The IPM BioMe Biobank, founded in September 2007, is an ongoing, broadly-consented electronic health record (EHR)-linked clinical care biobank that enrolls participants non-selectively from the Mount Sinai Medical Center patient population. BioMe currently comprises >42,000 participants from diverse ancestries, characterized by a broad spectrum of longitudinal biomedical traits. Participants enroll through an opt-in process and consent to be followed throughout their clinical care (past, present, and future) in real-time, allowing us to integrate their genomic information with their EHRs for discovery research and clinical care implementation. BioMe participants consent for recall, based on their genotype and/or phenotype, permitting in-depth follow-up and functional studies for selected participants at any time. Phenotypic and genomic data are stored in a secure database and made available to investigators, contingent on approval by the BioMe Governing Board. BioMe uses a "data-broker" system to protect confidentiality.
Ancestral diversity - BioMe participants represent a broad racial, ethnic and socioeconomic diversity with a distinct and population-specific disease burden. Specifically, BioMe participants are of African (AA), Hispanic/Latino (HL), European (EA) and other/mixed ancestry (Table 1, Figure 1). BioMe participants are predominantly of African (AA, 24%), Hispanic/Latino (HL, 35%), European (EA, 32%), and other ancestry (OA, 10%) (Table 1, Figure 1). Participants who self-identify as Hispanic/Latino further report to be of Puerto Rican (39%), Dominican (23%), Central/South American (17%), Mexican (5%) or other Hispanic (16%) ancestry. More than 40% of European ancestry participants are genetically determined to be of Ashkenazi Jewish ancestry. With this broad ancestral diversity, BioMe is uniquely positioned to examine the impact of demographic and evolutionary forces that have shaped common disease risk.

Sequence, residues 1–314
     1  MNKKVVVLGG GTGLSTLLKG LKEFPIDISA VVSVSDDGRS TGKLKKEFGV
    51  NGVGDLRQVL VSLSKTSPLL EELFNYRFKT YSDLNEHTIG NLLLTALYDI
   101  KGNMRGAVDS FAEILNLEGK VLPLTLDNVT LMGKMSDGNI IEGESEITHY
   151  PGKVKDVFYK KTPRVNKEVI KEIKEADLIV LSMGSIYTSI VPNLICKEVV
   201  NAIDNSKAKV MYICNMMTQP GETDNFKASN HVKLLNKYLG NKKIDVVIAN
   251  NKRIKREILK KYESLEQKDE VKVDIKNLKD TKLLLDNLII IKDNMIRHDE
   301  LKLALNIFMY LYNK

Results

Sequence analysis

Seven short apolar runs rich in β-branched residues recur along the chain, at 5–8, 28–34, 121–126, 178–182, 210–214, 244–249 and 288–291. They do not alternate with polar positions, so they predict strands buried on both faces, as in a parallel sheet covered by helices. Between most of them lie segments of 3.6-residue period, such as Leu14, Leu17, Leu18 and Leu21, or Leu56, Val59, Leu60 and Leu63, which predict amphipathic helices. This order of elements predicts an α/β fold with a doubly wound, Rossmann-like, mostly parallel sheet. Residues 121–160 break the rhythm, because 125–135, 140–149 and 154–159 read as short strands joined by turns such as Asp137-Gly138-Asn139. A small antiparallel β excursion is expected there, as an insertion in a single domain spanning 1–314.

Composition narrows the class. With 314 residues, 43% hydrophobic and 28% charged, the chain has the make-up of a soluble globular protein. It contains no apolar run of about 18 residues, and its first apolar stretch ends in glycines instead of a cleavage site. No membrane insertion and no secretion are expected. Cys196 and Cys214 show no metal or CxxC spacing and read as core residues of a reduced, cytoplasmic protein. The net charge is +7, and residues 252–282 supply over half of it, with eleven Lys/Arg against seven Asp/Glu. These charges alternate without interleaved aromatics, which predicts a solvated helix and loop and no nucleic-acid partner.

Phenotypes available in BioMe - BioMe has available a high-quality and validated set of fully implemented clinical phenotype data that has been culled by a multi-disciplinary team of experienced investigators, clinicians, information technologists, data-managers, and programmers who apply advanced medical informatics and data mining tools to extract and harmonize EHRs. BioMe, as a cohort, offers great versatility for designing nested case-control sample-sets, particularly for studying longitudinal traits and co-morbidity in disease burden.
** Biomedical and clinical outcomes: The BioMe Biobank is linked to Mount Sinai's system-wide Epic EHR, which captures a full spectrum of biomedical phenotypes, including clinical outcomes, covariate and exposure data from past, present and future health care encounters. As such, the BioMe Biobank has a longitudinal design as participants consent to make all of their EHR data from past (dating back as far as 2003), present and future inpatient or outpatient encounters available for research, without restriction. The median number of outpatient encounters is 21 per participant, reflecting predominant enrollment of participants with common chronic conditions from primary care facilities.
** Environmental data: The clinical and EHR information is complemented by detailed demographic and lifestyle information, including ancestry, residence history, country of origin, personal and familial medical history, education, socio-economic status, physical activity, smoking, dietary habits, alcohol intake, and body weight history, which is collected in a systematic manner by interview-based questionnaire at time of enrollment.
The IPM BioMe Biobank contributed ~10,600 DNA samples for whole genome sequencing to the TOPMed program. Samples were selected for the Coronary Artery Disease (CAD) and the Chronic Obstructive Pulmonary Disease (COPD) working groups. Using a Case-Definition-Algorithm (CDA), we identified ~4,100 individuals with CAD (~50% women) and ~3,000 individuals as controls (65% women). In addition, we identified ~800 individual with COPD (62% women) and 1800 as controls (72% women). Another 600 BioMe participants with Atrial Fibrillation, all of African ancestry, were included.